Achin Bhattacharyya pursued this dream to provide access to learning for primary and secondary school education in India. With the inclusion of all significant boards and outreach to urban and rural classes of the country at affordable price points, Notebook is an effort to provide access to effortless and efficient learning for school students.
Winston Churchill once said, “A pessimist sees the difficulty in every opportunity; an optimist sees the opportunity in every difficulty.”
Without debate, the Pandemic has by far been the biggest catastrophe to affect human race in this century. It has paralysed the global economic juggernaut and left all of us soul-searching with the entire realisation of the futility of our material aspirations.
Education has been one of the most affected sectors and most of the schools around the world haven’t had the opportunity to open their gates to students for more than a year.
However, while schools were closed, schooling was on and not only the textbook, but the entire campus experience had to squeeze in to fit into laptop and smartphone screens.
However, lot of conventional norms had to be redefined and fresh blue-sky thinking is the need of the hour, as all aspects like pedagogy, the role of the educator, peer-to-peer learning and interaction, nature of activity-based learning, etc. has to be thought completely afresh.
In the process, the most obvious casualty has been the outdoor group activities that has always been a huge part of schooling. While the academics and assessments could be transported into digital equivalence, these activities were not as easy. Present circumstances have left all of us with very little choice in terms of outdoor group activities and thus the need of the hour is to reimagine the blending and resultant synergy between academics and extracurriculars.
Nature of activities need to be thought through so as to ensure that they can be performed in an indoor ambience, captured in a webcam and still be able to achieve the desired learning outcomes.
As far as extracurricular activities are concerned the remote learning environment also provides a unique opportunity in terms of hosting much larger events in areas like music, debates, quizzes, innovation challenges, thought sharing platforms etc. Once you remove the logistical challenges, you have the opportunity to distil events down to their basic essence – pure performance!
First and foremost, the pandemic has ensured that all of us have gotten used to events being hosted remotely. It offers the obvious logistical advantages in terms of saving a lot of commuting time and expense. Also, it helps students from all around the world to participate in these events. In that sense, the role of the pandemic in terms of its impact in creating a global community is almost like an oxymoron – a global adversity uniting a global community. On one hand, long stretches of lockdown and social distancing have made it difficult to even visit our next-door neighbour. On the other hand, it has help us zoom in and bring the whole world together.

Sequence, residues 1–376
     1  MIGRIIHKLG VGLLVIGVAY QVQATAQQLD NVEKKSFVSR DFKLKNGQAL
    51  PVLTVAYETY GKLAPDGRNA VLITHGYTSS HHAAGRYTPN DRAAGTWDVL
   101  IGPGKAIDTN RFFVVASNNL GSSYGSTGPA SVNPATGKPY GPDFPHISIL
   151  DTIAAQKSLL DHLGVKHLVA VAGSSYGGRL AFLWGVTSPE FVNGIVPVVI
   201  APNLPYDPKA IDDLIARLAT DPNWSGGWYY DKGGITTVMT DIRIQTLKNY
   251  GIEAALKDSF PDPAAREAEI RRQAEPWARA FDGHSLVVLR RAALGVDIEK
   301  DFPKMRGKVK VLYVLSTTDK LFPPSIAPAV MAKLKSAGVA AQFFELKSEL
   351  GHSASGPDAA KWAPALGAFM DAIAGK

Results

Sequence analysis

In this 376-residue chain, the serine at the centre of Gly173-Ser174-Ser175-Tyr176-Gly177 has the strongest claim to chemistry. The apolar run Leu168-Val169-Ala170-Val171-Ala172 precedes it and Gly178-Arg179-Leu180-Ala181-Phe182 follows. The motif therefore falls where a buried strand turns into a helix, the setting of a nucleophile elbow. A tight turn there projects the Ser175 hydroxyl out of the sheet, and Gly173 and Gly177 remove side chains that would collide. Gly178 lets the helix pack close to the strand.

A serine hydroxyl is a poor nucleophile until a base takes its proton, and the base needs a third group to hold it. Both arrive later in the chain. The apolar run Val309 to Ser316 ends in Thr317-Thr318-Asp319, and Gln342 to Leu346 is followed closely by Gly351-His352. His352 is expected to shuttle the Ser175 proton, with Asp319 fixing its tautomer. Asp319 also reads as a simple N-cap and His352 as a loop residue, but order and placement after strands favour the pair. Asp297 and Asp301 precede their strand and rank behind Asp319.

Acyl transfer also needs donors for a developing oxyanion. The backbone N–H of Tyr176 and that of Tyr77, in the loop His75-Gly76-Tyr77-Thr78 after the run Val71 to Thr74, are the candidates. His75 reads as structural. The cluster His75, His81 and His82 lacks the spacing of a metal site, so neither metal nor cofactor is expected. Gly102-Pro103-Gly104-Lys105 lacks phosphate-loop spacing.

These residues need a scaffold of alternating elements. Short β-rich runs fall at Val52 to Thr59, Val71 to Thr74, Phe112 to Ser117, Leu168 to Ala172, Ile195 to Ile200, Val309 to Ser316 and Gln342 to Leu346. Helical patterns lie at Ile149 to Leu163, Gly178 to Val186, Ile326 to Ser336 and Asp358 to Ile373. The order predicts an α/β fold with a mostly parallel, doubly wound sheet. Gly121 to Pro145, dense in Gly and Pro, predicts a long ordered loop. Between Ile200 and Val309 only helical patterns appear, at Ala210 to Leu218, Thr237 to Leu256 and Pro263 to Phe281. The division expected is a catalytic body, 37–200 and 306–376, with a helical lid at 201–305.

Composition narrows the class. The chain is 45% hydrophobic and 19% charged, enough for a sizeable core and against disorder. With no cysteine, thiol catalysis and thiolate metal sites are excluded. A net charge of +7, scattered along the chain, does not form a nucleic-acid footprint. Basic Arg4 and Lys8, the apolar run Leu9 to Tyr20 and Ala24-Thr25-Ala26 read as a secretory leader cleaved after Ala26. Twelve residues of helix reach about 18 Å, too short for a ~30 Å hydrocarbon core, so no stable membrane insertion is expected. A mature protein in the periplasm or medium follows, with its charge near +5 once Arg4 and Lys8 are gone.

During the pandemic we have hosted events like an international debate and an innovation challenge and have seen thousands of children from across the world representing their schools by participating in these events. Their enthusiastic participation also proves the utility of these events in order to keep our youngsters productively engaged.
The students may not get the opportunity to meet their friends at school and play soccer on the lush green school grounds, but they have made friends from around the world and peer to peer activity based learning has been really intense.
As stated earlier, the situation has helped distil events down to their core essence. In that, outdoor group activities are essentially a way to encourage and promote teamwork, adaptation, innovation, resourcefulness and the ability to look at your surroundings as an active participant in the teaching-learning process. If you look at the online events like debates, or innovation challenge – we created opportunities for students to collaborate, co-create, co-present while competing with other schools across the world, which they were unlikely to meet otherwise at a school fest on-ground.
In fact, this opportunity has now spilled across the line separating the academic from the extra-curricular. As teachers have grown more and more accustomed to the functions and features of online teaching platforms and tools, they have also innovated. Now, academic content delivery has also transformed into fun activities. Be it recreating science lab activities using kitchen supplies, or roleplaying as a tool to teach plays, online activities have encroached upon a region that was hitherto ruled by ‘chalk-and-talk.’ Pedagogy, in and of itself, has undergone a sea change. In fact, the way digital learning content has been integrated into the online classes is the perfect example of the living, breathing form that “Blended Learning” can take. Terms like ‘flipped classroom’ and ‘blended learning’ have been buzzwords in education for a while now, but the lockdown has now brought those from concepts, into reality.